Gold sentiment to remain soft in India in 2020, says world body

KR Srivats New Delhi | Updated on January 16, 2020 Published on January 16, 2020

Gold price volatility and high taxes may deter Indian consumers: World Gold Council

Consumer and gold trade sentiment may remain soft in India through 2020, the World Gold Council (WGC) has said.

However, structural reforms undertaken in the country will support demand in the long term, WGC said in its latest ‘Outlook 2020’ report.

“In India, policy reforms designed to bring transparency and an orderly trade structure to many sectors of the economy are expected to improve confidence, remove inefficiencies and promote growth. We expect these factors to be a long term positive for gold demand although their effects may take time to become apparent,” the report said.

Clearly, WGC sees gold price volatility and higher taxes deterring Indian consumers. Tax cuts have to be introduced as a credible incentive to spur economic growth, the report said, highlighting that higher taxes are exacerbating the impact of the record high local gold price on consumption.

While the introduction of mandatory hallmarking for gold jewellery at the beginning of the year may enhance consumer trust, this potential initial disruption should not be ignored, WGC has said.

David Tait, Chief Executive Officer, WGC, who was in India last week, had expressed hope that India would have a ‘spot exchange’ for gold this calendar year.

A ‘spot exchange’ — when it becomes a reality — is expected to usher in transparency and thereby benefit consumers and small jewellers.

Indications are that the gold consumption in India slipped in 2019 as against the level in previous year.

On the mandatory hallmarking initiative, PR Somasundaram, Managing Director India, WGC, said this reform, backed by a tight enforcement mechanism, will underpin trust and a change of perception about Indian gold jewellery, creating a favourable environment to market our famed handcrafting skills appropriately.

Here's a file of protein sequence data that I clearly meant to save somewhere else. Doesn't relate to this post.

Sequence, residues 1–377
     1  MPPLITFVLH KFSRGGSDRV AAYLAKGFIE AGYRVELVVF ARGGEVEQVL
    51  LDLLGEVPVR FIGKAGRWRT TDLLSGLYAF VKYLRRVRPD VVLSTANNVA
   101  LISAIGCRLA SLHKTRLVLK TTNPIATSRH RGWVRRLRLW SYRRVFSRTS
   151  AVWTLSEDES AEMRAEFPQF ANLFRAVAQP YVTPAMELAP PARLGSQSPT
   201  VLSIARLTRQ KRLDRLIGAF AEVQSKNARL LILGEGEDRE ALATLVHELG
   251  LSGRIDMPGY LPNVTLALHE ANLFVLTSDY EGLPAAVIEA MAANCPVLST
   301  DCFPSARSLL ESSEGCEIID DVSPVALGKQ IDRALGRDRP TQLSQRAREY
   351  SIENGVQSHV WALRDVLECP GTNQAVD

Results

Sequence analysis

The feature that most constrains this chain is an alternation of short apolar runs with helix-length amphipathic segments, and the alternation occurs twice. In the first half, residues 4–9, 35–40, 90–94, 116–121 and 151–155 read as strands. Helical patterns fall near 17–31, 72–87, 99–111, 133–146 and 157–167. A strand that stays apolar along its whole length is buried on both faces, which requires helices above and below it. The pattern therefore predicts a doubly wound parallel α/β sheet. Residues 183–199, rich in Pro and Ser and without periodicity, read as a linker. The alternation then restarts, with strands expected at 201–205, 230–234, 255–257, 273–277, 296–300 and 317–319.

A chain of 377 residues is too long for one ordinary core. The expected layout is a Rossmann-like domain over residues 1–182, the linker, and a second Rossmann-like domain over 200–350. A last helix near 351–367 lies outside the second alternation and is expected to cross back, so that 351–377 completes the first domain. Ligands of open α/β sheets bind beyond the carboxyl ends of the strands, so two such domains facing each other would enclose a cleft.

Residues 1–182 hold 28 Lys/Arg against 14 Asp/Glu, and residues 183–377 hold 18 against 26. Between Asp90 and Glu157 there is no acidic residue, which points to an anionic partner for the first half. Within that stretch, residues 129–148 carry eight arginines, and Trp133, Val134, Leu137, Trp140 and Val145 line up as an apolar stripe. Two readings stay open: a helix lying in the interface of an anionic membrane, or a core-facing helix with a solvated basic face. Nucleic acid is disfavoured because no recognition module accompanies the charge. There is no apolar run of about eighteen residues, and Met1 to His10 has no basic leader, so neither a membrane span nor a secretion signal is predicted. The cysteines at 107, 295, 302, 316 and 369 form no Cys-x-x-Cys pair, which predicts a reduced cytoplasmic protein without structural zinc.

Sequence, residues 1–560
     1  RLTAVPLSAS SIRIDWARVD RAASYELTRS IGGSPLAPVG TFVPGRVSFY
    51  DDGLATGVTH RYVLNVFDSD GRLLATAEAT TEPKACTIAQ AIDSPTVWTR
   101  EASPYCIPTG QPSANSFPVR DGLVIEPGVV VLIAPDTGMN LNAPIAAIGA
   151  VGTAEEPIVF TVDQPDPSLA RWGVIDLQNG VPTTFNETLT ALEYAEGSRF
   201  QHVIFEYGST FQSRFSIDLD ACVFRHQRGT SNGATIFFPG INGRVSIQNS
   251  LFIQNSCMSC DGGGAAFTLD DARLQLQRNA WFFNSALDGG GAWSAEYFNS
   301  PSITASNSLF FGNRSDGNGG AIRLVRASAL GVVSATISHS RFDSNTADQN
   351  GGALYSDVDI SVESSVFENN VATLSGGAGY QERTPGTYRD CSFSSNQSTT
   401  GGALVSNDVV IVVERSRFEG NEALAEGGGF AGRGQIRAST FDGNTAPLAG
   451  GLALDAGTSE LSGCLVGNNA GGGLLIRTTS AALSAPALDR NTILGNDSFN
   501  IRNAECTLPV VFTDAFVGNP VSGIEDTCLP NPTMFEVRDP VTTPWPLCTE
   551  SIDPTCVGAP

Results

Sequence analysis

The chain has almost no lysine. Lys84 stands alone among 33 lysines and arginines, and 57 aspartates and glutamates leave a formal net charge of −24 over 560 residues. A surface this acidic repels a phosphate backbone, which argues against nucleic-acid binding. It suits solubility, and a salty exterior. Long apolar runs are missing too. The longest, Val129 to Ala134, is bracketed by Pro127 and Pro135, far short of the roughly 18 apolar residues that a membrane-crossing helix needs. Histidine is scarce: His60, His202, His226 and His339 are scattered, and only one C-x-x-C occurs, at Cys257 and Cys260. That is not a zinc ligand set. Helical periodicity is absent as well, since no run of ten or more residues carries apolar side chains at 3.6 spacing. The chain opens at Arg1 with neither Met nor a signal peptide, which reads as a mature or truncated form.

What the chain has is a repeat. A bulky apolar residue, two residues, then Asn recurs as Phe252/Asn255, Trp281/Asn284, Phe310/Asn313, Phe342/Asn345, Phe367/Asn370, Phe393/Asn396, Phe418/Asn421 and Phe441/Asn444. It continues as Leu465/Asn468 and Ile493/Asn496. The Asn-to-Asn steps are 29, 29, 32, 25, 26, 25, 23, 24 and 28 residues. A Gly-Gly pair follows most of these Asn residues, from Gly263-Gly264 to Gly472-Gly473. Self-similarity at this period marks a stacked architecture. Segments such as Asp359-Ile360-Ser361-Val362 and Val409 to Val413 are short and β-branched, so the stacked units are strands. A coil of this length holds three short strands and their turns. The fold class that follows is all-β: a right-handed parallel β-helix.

To make this a smooth success, government and the industry players should also create a strong consumer pull, through consumer awareness campaigns, he said.

“Hallmarking will also create a level playing field, benefitting small players”, he added.

Gold shines in 2019

In 2019, gold had its best performance since 2010, rising by 18.4 per cent in US dollar terms last year. The yellow metal outperformed major global bond and emerging market stock benchmarks over that period.

WGC believes that financial and geopolitical uncertainty combined with low interest rates will likely bolster gold investment demand. Net gold purchases by central banks will likely remain robust even if they are lower than the record highs seen in recent quarters.

“Momentum and speculative positioning may keep gold price volatility elevated. And that gold price volatility, as well as expectations of weaker economic growth, may result in softer consumer demand near term but structural economic reforms in India and China will support demand in the long term”, the WGC report said.

Looking ahead, investors — including central banks — will face an increasing set of geopolitical concerns, while many pre-existing ones will likely be pushed back rather than being resolved.

In addition, the very low level of interest rates worldwide will likely keep stock prices high and valuations at extreme levels.

And although investors may not step away from risk assets, anecdotal evidence suggests they are increasing exposure to safe haven assets like gold as a means to hedge their portfolios, according to the WGC report.

Volatility may rise

As the gold price significantly rose in 2019 so did volatility, but, similarly to other assets, it remains well below its long-term trend.

“We don’t anticipate a reduction in gold volatility near term. Should the economic and political environment deteriorate, it may even rise, especially as gold volatility historically exhibits a positive skew in such circumstances, tending to increase,” said the WGC report.

Published on January 16, 2020
  1. Comments will be moderated by The Hindu Business Line editorial team.
  2. Comments that are abusive, personal, incendiary or irrelevant cannot be published.
  3. Please write complete sentences. Do not type comments in all capital letters, or in all lower case letters, or using abbreviated text. (example: u cannot substitute for you, d is not 'the', n is not 'and').
  4. We may remove hyperlinks within comments.
  5. Please use a genuine email ID and provide your name, to avoid rejection.